In order to bring the instrument back to playability, a 'shim' needs to be fitted beneath the fingerboard to even out any dip and raise the sound-hole end, allowing some room for the fitting of a bridge. Often both ends of the 'shim' will need to be carefully tapered before gluing. Another problem especially with Italian finger boards, is that they are often not of a uniform thickness. This one is about 3mm at the nut but only 2mm at fret 10.    The material depends on that used to make the neck, here a mahogany 'shim' is being made to fit a mahogany neck, but I make from maple, ebony and rosewood.
  I sometimes glue the 'shim' to the neck first, but more often to the fingerboard, especially if it is a simple triangle. That way it is possible to keep the fingerboard top flat and level. Here a rosewood 'shim' is being glued to a rosewood fingerboard, and the edges sanded level.


Here a half shim is glued to the mandolin first, and brought to a level surface afterwards, by sanding.     When the fingerboard and/or 'shim' are finally glued back into position, they are clamped to a straight edge to keep everything level. The presence of the 'shim' will help the neck maintain its position on the laminate principle.
NB. It doesn't make any difference if you glue the shim to the fingerboard or the mandolin, once the fingerboard is re-glued it is very likely that you will have to either level the frets, or even re-level the board. This is especially the case with Italian instruments, as I am led to suppose that they were glued in place first, and then levelled, thus evening out any inconsistencies in the neck mounting. Fret slots would then be cut and frets fitted. This would explain why there are often cuts in the neck when the f/b is removed, and why the f/b is often not of a uniform thickness.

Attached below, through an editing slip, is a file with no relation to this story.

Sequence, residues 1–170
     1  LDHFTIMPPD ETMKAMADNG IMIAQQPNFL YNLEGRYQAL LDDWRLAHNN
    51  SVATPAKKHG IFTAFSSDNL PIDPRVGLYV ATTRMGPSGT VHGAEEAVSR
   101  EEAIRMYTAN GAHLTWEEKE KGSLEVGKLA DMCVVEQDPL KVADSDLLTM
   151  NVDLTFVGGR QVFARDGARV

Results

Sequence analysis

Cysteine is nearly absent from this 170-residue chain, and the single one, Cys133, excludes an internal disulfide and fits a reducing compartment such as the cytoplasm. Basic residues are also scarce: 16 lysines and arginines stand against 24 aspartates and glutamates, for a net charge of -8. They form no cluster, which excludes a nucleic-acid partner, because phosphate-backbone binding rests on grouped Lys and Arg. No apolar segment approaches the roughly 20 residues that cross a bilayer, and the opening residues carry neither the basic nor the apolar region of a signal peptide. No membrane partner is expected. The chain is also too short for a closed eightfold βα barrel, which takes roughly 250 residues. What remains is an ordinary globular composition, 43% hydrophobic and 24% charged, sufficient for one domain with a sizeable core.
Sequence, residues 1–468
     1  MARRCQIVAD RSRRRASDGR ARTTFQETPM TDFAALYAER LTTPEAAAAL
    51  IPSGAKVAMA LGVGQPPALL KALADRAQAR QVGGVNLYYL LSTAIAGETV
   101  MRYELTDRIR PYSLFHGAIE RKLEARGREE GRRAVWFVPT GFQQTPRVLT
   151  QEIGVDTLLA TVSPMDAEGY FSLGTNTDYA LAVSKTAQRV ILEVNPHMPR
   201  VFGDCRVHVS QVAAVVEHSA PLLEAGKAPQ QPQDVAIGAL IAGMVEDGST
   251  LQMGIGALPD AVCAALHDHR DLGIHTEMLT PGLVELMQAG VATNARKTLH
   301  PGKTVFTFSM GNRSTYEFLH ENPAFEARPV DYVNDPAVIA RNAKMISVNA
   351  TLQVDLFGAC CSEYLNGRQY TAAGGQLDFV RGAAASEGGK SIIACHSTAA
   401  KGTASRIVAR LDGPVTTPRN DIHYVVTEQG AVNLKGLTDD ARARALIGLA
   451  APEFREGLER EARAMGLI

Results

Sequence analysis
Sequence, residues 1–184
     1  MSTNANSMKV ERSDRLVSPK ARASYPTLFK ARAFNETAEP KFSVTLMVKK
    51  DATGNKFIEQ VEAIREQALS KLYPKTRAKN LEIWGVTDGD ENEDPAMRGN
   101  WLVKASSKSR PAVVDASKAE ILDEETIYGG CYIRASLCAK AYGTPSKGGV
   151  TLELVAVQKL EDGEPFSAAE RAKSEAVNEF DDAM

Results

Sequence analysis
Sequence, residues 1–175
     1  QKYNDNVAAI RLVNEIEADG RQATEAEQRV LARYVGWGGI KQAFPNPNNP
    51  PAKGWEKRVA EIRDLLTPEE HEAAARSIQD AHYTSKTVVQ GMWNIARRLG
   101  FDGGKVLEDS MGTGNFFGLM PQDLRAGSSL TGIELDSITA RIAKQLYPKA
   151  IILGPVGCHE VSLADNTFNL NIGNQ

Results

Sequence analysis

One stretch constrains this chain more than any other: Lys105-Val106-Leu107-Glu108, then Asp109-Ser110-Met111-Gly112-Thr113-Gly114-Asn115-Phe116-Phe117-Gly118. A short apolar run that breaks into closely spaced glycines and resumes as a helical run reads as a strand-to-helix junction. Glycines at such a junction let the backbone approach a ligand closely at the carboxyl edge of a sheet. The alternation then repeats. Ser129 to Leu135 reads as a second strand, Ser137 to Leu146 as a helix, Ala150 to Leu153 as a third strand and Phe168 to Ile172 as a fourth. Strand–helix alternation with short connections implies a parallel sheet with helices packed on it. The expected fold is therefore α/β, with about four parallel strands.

Using the fingerboard as a shim

   Another solution to the problem, especially where the fingerboard is very thin, and is unlikely to come off in one piece, is to use it as a shim. 

   After the removal of frets, a steel rule is laid along the top fingerboard on the higher frets, so that after fret 10, it overlaps the side of the board towards the nut. This way it is possible to check how far the nut end will need to be sanded down to make it flat. You cannot afford to sand too far into the neck, as it will weaken it too much.

   On the left, I have just started sanding down the top of the fretboard. On the right the sanding is complete. It has removed all of the thickness of the board across the first two frets, and most of the third, but not cut too deeply into the neck, the cuts made to take the frets are still visible.

Once the old fretboard has been levelled, check with a steel rule, both sides and the centre of the neck, a new fingerboard can be fitted.

If there is not enough depth at the top of the f/b top allow this solution, it may be possible to reduce the height of both the top and bottom of the board to achieve a level surface, using the old f/b as the shim. When the new fingerboard is constructed, it can itself be tapered at the head end, to raise the action at the bridge end. Much better than adding an extremely thick board which would likely ruin the look of the instrument.

Once the new board is fitted, it may well be necessary to fill the old fret-slot ends, which will probably be still visible in the shim. A little rosewood or ebony dust, (collected from the fingerboard sanding!!) mixed with a little glue, usually does a good job.